ByKenneth Buff, writer at
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Kenneth Buff

While doing an interview with BBC for the upcoming Hunger Games sequel, Catching Fire (Release Date: November 22), Jennifer Lawrence spoke at length about the importance of women on screen representing an image that is not unattainable while also stating “to each their own” when asked about Miley Cyrus’s VMA’s performance where she twerked with a dwarf in a teddy bear suit.

In the interview she states that there was a “big discussion” when they were doing the first Hunger Games on just how “hungry” she should look. In the end Lawrence won out. She argued with the studio that Katniss appearing strong and healthy rather than skinny and hungry was a better plan for the character, and that ultimately became the decision of the studio, one that they're surely happy they made now that the Hunger Games has proven to be an international blockbuster.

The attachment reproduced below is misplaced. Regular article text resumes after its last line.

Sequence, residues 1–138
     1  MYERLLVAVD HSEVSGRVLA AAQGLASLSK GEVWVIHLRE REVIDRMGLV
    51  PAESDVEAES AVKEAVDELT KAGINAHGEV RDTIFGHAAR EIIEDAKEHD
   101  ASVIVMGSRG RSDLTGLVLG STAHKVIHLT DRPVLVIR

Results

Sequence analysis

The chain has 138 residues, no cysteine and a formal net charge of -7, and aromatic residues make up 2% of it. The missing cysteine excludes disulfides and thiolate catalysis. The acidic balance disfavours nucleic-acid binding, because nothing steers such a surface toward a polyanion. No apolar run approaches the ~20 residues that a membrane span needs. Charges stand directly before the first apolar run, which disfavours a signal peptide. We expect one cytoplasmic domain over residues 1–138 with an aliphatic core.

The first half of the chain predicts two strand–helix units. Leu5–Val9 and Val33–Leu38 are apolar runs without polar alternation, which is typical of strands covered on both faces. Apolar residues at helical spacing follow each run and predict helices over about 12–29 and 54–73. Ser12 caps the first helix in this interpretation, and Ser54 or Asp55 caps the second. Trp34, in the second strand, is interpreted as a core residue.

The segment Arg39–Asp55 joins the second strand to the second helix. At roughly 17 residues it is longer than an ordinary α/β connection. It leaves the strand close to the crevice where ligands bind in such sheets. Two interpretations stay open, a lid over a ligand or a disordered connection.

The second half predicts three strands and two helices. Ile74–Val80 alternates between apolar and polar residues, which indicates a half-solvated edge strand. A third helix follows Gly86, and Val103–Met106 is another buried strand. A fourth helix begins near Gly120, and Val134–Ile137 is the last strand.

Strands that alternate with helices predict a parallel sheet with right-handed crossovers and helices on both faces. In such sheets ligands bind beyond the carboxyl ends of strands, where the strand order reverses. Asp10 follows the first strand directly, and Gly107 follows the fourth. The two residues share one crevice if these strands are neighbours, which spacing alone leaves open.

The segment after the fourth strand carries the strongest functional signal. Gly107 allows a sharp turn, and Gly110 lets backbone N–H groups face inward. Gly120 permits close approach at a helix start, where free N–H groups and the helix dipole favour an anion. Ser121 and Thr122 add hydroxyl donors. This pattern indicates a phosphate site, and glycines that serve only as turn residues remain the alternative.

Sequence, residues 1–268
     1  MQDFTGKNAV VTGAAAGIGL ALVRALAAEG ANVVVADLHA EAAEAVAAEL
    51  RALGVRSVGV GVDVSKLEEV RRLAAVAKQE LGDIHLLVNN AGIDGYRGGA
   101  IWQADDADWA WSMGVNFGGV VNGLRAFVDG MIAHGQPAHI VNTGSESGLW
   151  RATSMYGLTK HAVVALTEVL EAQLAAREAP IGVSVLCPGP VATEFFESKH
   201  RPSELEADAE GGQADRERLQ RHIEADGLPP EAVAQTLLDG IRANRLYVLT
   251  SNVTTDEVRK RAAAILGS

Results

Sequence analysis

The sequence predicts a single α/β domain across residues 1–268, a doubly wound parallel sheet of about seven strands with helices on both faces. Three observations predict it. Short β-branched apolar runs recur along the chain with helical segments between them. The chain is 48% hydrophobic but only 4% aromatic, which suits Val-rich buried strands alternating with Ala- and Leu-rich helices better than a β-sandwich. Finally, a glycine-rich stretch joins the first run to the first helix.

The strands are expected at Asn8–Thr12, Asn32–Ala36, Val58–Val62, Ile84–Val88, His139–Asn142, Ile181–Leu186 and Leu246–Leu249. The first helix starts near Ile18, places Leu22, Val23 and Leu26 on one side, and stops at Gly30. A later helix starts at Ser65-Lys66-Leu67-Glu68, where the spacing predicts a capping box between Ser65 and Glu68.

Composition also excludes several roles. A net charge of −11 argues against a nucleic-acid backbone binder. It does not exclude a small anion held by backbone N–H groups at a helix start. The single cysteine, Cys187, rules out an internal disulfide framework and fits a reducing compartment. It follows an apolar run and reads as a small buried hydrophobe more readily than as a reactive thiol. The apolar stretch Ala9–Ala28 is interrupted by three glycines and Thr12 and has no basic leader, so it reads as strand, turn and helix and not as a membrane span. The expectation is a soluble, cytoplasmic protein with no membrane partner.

Lawrence argues that actors and filmmakers making movies marketed towards children have a responsibility to present heroines on screen that do not promote a negative body image. She states that they have “control over this image,” and that they should use that control to “rid ourselves” of the unattainable female body image that is perpetuated throughout the industry.

What do you guys think, is Lawrence right? Should filmmakers keep the vulnerability of their audiences in mind, or should they set out to make the film they envisioned, regardless of the social cost?


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